In the late 1800’s Austin was rapidly evolving from cow town to burgeoning metropolis and was well on its way to becoming the educational, cultural hub of Texas. The spirit of the Old West lives on in historical sites across the city, as do many spirits of the post-war era. If you are drawn to stories of the macabre, nearly every street corner in Austin has a story to tell. A walking tour of Austin is the perfect way to experience these tales of murder, mystery, unrequited love, and of course many ghosts. You may have heard about the haunted Driskill Hotel and the ghosts of Speakeasy Austin, but few tell the gruesome tale of the Austin axe murderer who later became known as the Servant Girl Annihilator. These are a few of the highlights you’ll experience on Austin’s 5-star rated walking tour, Ghost Walk Austin.
Servant Girl Annihilator
The January 1, 1885 headline of the Austin Daily Statesman read, "Bloody Work. A fearful midnight murder on West Pecan.” Thus, began a ruthless reign of terror by the Servant Girl Annihilator. Over the next twelve months, five domestics would be viciously murdered by an unknown midnight assassin all within the city center. The victims were attacked in their homes while they slept, dragged outside, and bludgeoned to death with sharp objects. If that doesn’t send chills up your spine, you might be dead already.
Molly Smith was the first to lose her life on West Pecan, otherwise known as 6th Street—the center of the Austin live music scene. Four months later, Eliza Shelley fell victim to butchery at the corner of San Jacinto and Cypress. Later that same month, Irene Cross was found mangled across the street from Scholz beer garden. The youngest casualty, 11-year-old Mary Ramey, was brutalized on East Cedar Street, exactly one block north of where Eliza Shelley was killed. Gracie Vance was the fifth servant girl to be slaughtered in the shadow of then two-year-old University of Texas. She was found on San Marcos Street, now known as Guadalupe, the local haunt of current UT students. Some claim to have encountered a ghostly female figure in 1880’s garb, near the old John Henry Faulk Central Library on Guadalupe. You can learn more about this heinous crime spree and walk by several of the murder sites on a spine-tingling walking tour called Ghost Walk Austin. America’s first serial killer went on to slay three other victims. This terrorizing true crime story remains a mystery to this day. One theory proposes that Austin’s Servant Girl Annihilator escaped to ravage London as Jack the Ripper.
The Infamous Driskill Hotel
Two blocks northwest of the site of Mary Ramey’s gruesome murder, the “Hotel of Dreams” was under construction. Cattle baron Colonel Jesse Lincoln Driskill opened his spectacular hotel on December 20th, 1886. After investing a staggering $407,500 into the work, rumor has it he lost his pride and joy in a high-stakes poker game. He died in the hotel but has never checked out. He makes his presence known through the heady scent of cigar smoke, lights which mysteriously turn on and an occasional appearance to the ladies.
The second oldest hotel in Texas, another stop on Ghost Walk Austin, is also home to a pair of jilted brides, who apparently killed themselves in the same bathroom of the same hotel room on the exact same date. The first of the suicide brides was staying in room 525 when her soon-to-be-husband called off their wedding the night before the nuptials. Heartsick, she hung herself over her unrequited love. Twenty years later to the day, a young woman from Houston drove her cold-footed fiancé’s car to Austin, rented a room at the Driskill and did some serious shopping with his credit cards. Despite her retail therapy, a hotel maid found her in the bathtub with a self-inflicted gunshot wound. She has been seen loitering the halls of the Driskill with shopping bags in tow.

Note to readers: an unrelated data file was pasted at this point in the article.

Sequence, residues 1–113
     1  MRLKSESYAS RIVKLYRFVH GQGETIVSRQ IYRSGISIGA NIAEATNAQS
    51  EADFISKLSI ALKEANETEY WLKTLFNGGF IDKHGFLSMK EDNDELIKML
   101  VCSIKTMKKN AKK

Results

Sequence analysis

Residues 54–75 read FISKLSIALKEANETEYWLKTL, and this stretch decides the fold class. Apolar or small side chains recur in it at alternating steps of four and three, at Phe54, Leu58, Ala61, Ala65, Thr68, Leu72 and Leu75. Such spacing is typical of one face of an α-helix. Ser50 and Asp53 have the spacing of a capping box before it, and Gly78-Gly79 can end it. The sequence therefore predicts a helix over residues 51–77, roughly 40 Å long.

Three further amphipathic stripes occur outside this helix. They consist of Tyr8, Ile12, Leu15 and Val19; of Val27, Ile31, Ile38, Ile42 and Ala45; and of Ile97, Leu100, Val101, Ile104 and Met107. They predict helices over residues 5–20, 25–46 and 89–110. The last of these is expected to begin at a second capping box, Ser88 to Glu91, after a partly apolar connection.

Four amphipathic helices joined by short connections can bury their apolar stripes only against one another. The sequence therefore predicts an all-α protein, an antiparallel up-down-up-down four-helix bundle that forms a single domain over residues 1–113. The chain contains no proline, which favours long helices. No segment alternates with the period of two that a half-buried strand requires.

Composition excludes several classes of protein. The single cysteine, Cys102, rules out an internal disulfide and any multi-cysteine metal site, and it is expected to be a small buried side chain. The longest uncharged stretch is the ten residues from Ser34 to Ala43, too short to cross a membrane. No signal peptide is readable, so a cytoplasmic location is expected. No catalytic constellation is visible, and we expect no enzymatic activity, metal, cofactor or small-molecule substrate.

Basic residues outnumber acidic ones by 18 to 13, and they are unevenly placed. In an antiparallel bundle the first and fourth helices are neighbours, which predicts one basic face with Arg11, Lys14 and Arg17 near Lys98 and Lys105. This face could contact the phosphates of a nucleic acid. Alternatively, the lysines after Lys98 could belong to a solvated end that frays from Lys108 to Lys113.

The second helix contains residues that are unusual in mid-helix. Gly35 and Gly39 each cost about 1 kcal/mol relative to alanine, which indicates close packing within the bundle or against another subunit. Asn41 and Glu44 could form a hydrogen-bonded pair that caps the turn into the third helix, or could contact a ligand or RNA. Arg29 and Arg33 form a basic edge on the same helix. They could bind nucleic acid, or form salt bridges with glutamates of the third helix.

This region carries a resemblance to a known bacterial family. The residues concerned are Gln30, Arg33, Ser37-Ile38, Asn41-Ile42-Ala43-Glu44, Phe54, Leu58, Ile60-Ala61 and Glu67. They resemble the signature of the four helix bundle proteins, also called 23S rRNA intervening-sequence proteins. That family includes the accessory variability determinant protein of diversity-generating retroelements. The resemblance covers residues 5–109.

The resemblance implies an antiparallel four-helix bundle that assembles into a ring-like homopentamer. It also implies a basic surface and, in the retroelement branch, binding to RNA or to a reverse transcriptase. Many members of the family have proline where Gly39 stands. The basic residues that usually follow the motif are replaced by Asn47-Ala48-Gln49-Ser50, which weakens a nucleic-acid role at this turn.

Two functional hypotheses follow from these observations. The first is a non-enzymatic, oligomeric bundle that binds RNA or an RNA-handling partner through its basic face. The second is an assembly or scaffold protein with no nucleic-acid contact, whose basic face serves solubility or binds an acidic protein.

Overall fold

The most documented Driskill ghost story, and one of Austin’s best ghost stories is that of Samantha—the four-year-old daughter of a senator who died in 1887. In a freak accident, she tumbled down the marble grand staircase to her death while chasing a ball her father bought her. In the first recorded paranormal activity at the Driskill just one week after her death, she was reported giggling with delight as she bounded after the bouncing ball. Visitors report the sound of her laughter and “boing-boing” of a ball springing down the stairs.
On July 23, 1916, the Austin Fire Department fought its first major fire in the Kreisle Building at Congress and 4th. The building was a total loss. Also lost were the lives of two women unable to escape their elevator cage. Slamming doors and blood-curdling screams have been heard, accompanied by the sound of running up and down the 59-step staircase—perhaps the ancient cries and footfalls of valiant firefighter James “Jimmy” Glass, whose spine was crushed inside the burning building. Would you like to take a guess at his badge number? A most unlucky 13. The Kreisle Building was rebuilt and is now home to Speakeasy Austin. During a recent renovation, workers complained that their tools and supplies were shuffled around the spooky speakeasy. Several people claim to have seen a woman’s apparition in the antique elevator—the only item that survived the fire—now located inside Speakeasy Austin’s swanky prohibition era vibe Kabaret Room.
If you want more of Austin’s best ghost stories visit touratx.com. Tours are handcrafted by historian, actor and master storyteller, Jim Miles. His passion for story enhanced by a master’s degree in Southern History, make for an incredible experience for all ages. Walking Tours of Austin combines expert storytelling with the weirdness of Austin to offer a hauntingly good ghost tour.
Ghost Walk Austin tours run 75-90 minutes every Wednesday, Thursday, Friday, and Saturday nights at 8:00pm. Tickets are $20 per person and $10 for kids 10 and under. Book your tour today!